Dream Of Mr Perceval's Murder





"SUNDHILL, December, 1832.



"[Some account of a dream which occurred to John Williams, Esq., of

Scorrier House, in the county of Cornwall, in the year 1812. Taken

from his own mouth, and narrated by him at various times to several of

his friends.]



"Being desired to write out the particulars of a remarkable dream

which I had in the year 1812, before I do so I think it may be proper

for me to say that at that time my attention was fully occupied with

affairs of my own--the superintendence of some very extensive mines in

Cornwall being entrusted to me. Thus I had no leisure to pay any

attention to political matters, and hardly knew at that time who

formed the administration of the country. It was, therefore, scarcely

possible that my own interest in the subject should have had any share

in suggesting the circumstances which presented themselves to my

imagination. It was, in truth, a subject which never occurred to my

waking thoughts.



"My dream was as follows:--



"About the second or third day of May, 1812, I dreamed that I was in

the lobby of the House of Commons (a place well known to me). A small

man, dressed in a blue coat and a white waistcoat, entered, and

immediately I saw a person whom I had observed on my first entrance,

dressed in a snuff-coloured coat with metal buttons, take a pistol

from under his coat and present it at the little man above-mentioned.

The pistol was discharged, and the ball entered under the left breast

of the person at whom it was directed. I saw the blood issue from the

place where the ball had struck him, his countenance instantly

altered, and he fell to the ground. Upon inquiry who the sufferer

might be, I was informed that he was the chancellor. I understood him

to be Mr. Perceval, who was Chancellor of the Exchequer. I further

saw the murderer laid hold of by several of the gentlemen in the room.

Upon waking I told the particulars above related to my wife; she

treated the matter lightly, and desired me to go to sleep, saying it

was only a dream. I soon fell asleep again, and again the dream

presented itself with precisely the same circumstances. After waking

a second time and stating the matter again to my wife, she only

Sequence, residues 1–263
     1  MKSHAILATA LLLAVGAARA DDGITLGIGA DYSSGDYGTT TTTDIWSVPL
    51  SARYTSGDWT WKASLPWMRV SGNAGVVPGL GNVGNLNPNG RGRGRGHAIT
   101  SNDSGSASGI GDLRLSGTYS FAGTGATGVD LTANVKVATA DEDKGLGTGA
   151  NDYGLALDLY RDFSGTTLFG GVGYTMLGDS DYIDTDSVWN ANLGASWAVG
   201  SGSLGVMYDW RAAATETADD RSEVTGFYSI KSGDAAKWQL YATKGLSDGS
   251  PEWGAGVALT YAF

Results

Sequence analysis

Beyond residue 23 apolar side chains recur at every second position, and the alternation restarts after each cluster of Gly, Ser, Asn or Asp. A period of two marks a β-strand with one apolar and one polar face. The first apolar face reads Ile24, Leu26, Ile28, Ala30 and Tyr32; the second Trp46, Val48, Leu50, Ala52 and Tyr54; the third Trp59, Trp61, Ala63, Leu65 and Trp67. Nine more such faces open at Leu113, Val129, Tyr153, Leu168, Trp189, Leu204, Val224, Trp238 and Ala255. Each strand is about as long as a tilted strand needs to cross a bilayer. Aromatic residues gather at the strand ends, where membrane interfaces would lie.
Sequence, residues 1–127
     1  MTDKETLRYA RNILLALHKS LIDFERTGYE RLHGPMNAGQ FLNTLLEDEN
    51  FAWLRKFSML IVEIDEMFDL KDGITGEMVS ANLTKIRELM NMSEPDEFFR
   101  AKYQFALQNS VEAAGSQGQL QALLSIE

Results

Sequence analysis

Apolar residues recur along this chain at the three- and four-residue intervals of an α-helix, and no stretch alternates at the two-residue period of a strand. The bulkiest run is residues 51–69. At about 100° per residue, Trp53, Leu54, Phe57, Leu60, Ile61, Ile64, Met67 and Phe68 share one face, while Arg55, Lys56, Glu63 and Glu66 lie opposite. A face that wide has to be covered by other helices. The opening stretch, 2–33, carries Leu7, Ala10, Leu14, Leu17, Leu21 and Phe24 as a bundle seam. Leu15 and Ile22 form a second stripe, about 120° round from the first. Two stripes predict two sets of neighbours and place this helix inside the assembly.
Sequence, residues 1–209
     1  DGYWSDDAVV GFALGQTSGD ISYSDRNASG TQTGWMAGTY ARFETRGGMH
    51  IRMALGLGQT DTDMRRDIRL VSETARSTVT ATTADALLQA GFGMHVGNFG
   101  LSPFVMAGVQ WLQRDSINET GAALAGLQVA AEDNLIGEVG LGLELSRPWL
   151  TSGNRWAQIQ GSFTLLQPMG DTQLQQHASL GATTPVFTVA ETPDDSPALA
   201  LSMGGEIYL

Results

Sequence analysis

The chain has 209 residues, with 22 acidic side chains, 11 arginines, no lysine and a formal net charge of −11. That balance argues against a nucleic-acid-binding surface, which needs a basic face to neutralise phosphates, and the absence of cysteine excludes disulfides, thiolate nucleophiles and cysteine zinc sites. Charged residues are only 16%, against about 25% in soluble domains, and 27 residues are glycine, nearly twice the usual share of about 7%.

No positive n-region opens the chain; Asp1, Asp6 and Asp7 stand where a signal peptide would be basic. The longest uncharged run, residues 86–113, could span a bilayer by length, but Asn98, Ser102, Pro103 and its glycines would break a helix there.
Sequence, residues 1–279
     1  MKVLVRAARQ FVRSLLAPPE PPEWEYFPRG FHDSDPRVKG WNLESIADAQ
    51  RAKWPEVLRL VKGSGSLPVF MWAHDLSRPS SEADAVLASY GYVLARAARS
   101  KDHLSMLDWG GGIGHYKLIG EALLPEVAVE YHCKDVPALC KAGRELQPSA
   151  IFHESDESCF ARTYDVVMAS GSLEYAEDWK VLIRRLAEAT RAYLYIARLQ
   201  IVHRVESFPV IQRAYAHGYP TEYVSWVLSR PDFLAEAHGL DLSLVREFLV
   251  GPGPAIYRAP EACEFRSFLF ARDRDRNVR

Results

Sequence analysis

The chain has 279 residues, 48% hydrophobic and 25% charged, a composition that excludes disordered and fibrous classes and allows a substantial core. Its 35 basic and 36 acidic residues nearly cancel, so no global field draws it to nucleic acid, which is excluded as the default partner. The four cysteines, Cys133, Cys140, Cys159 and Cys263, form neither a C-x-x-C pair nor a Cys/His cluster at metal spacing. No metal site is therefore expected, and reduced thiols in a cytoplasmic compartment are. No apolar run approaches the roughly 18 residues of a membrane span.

repeated her request that I would compose myself and dismiss the

subject from my mind. Upon my falling asleep the third time, the same

dream without any alteration was repeated, and I awoke, as on the

former occasions, in great agitation. So much alarmed and impressed

was I with the circumstances above related, that I felt much doubt

whether it was not my duty to take a journey to London and communicate

upon the subject with the party principally concerned. Upon this

point I consulted with some friends whom I met on business at the

Godolphin mine on the following day. After having stated to them the

particulars of the dream itself and what were my own feelings in

relation to it, they dissuaded me from my purpose, saying I might

expose myself to contempt and vexation, or be taken up as a fanatic.

Upon this I said no more, but anxiously watched the newspapers every

evening as the post arrived.



"On the evening of the 13th of May (as far as I recollect) no account

of Mr. Perceval's death was in the newspapers, but my second son,

returning from Truro, came in a hurried manner into the room where I

was sitting and exclaimed: 'O father, your dream has come true! Mr.

Perceval has been shot in the lobby of the House of Commons; there is

an account come from London to Truro written after the newspapers were

printed.'



"The fact was Mr. Percival was assassinated on the evening of the

11th.



"Some business soon after called me to London, and in one of the

print-shops I saw a drawing for sale, representing the place and the

circumstances which attended Mr. Perceval's death. I purchased it,

and upon a careful examination I found it to coincide in all respects

with the scene which had passed through my imagination in the dream.

The colours of the dresses, the buttons of the assassin's coat, the

white waistcoat of Mr. Perceval, the spot of blood upon it, the

countenances and attitudes of the parties present were exactly what I

had dreamed.



"The singularity of the case, when mentioned among my friends and

acquaintances, naturally made it the subject of conversation in

London, and in consequence my friend, the late Mr. Rennie, was

requested by some of the commissioners of the navy that they might be

permitted to hear the circumstances from myself. Two of them

accordingly met me at Mr. Rennie's house, and to them I detailed at

the time the particulars, then fresh in my memory, which form the

subject of the above statement.



"I forbear to make any comment on the above narrative, further than to

declare solemnly that it is a faithful account of facts as they

actually occurred.



(Signed) "JOHN WILLIAMS." {42}



When we come to dreams of the future, great historical examples are

scarce indeed, that is, dreams respectably authenticated. We have to

put up with curious trivialities. One has an odd feature.





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